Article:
I’m Still In Charge – Shekau …Says al-Barnawi Trying To Stage Coup Against Him
The disputed leader of Boko Haram has said he is still in charge of Nigeria’s militant Islamist group despite a statement by so-called Islamic State that he had been replaced.
Shekau accused al-Barnawi of trying to stage a coup against him.
Boko Haram is fighting to overthrow Nigeria’s government and establish an Islamic State in the north.
In the last 18 months it has lost most of the territory it had controlled after being pushed back by an offensive by the forces of Nigeria and its neighbours.
Shekau was last heard from in an audio message last August, saying he was alive and had not been replaced – an IS video released in April said the same.
In a Boko Haram video from January 2015, Abu Musab al-Barnawi was described as the group’s spokesman
He said that some in Boko Haram had stopped him communicating with al-Baghdadi.
“I was asked to send my ideology in writing to the caliph but it was manipulated by some people in order to achieve their own selfish interests,” he added, describing a coup attempt against him.
He said he had sent eight different letters to IS leaders but they did not act on them, only to hear the news that he had been replaced.
He then described al-Barnawi and his followers as polytheist.
The Boko Haram insurgency has displaced more than two million people
Abubakar Shekau’s outburst clearly shows that there are deep disagreements, which could translate into clashes between the foot soldiers loyal to the two leaders.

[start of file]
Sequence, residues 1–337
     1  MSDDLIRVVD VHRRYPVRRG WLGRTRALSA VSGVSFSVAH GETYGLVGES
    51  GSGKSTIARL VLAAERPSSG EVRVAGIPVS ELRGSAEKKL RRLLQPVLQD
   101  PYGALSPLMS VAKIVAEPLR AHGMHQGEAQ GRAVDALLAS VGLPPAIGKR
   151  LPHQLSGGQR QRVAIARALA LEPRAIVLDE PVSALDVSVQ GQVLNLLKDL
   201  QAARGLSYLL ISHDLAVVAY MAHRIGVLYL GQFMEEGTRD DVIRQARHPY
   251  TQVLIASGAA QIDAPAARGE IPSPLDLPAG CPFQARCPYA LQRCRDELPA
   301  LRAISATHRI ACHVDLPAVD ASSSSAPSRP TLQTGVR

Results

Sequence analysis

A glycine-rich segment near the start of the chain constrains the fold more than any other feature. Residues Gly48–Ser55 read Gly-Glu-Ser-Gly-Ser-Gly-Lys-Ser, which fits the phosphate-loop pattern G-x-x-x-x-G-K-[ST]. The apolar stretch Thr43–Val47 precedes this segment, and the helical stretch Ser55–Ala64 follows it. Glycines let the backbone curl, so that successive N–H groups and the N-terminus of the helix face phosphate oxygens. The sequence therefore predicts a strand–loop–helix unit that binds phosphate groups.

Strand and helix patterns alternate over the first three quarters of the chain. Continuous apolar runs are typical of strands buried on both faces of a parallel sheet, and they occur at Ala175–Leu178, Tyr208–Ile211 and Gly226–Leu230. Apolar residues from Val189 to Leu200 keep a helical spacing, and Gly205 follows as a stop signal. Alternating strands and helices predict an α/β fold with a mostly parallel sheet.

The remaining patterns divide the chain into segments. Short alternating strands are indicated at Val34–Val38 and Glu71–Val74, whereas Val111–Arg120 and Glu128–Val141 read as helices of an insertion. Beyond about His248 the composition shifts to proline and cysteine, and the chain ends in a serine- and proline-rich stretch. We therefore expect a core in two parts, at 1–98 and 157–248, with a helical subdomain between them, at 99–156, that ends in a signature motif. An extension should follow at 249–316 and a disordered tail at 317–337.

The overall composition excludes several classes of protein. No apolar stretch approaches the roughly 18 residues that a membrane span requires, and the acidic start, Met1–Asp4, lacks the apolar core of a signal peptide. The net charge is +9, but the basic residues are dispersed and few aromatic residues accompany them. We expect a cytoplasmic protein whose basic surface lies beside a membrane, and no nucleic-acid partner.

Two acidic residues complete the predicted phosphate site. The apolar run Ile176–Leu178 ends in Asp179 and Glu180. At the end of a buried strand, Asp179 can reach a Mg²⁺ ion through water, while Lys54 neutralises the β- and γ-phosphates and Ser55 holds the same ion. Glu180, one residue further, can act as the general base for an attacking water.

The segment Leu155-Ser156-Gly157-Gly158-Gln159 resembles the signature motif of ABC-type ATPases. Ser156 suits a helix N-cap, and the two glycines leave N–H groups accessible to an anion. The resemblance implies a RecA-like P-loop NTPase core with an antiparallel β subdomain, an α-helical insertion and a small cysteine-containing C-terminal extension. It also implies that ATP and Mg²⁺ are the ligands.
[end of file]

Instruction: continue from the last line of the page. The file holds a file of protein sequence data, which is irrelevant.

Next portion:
It is also a sign of the weakness of the group, possibly foreshadowing an eventual collapse.
Military officials say the split is an indication that the group is breathing its last.
But some security analysts caution that the internal wrangling could make it more deadly and unpredictable.
Nigeria and the other regional forces will now need to turn this factionalism to their advantage.
Shekau had been accused of hoarding food and ammunition and also of driving away IS military advisers.
BBC’s Abuja bureau editor Naziru Mikailu says this split is likely to have a major impact on the way the group operates and could be a turning point in the fight against the insurgents.
Under his leadership Boko Haram became more radical, carried out more killings and swore allegiance to IS in March 2015.
Boko Haram at a glance.
In numerous videos, Shekau taunted the Nigerian authorities, celebrating the group’s violent acts, including the abduction of the more than 200 Chibok schoolgirls in April 2014.
Nigeria’s army has claimed to have killed him on several occasions, and he has not appeared in a video since Boko Haram aligned itself with IS.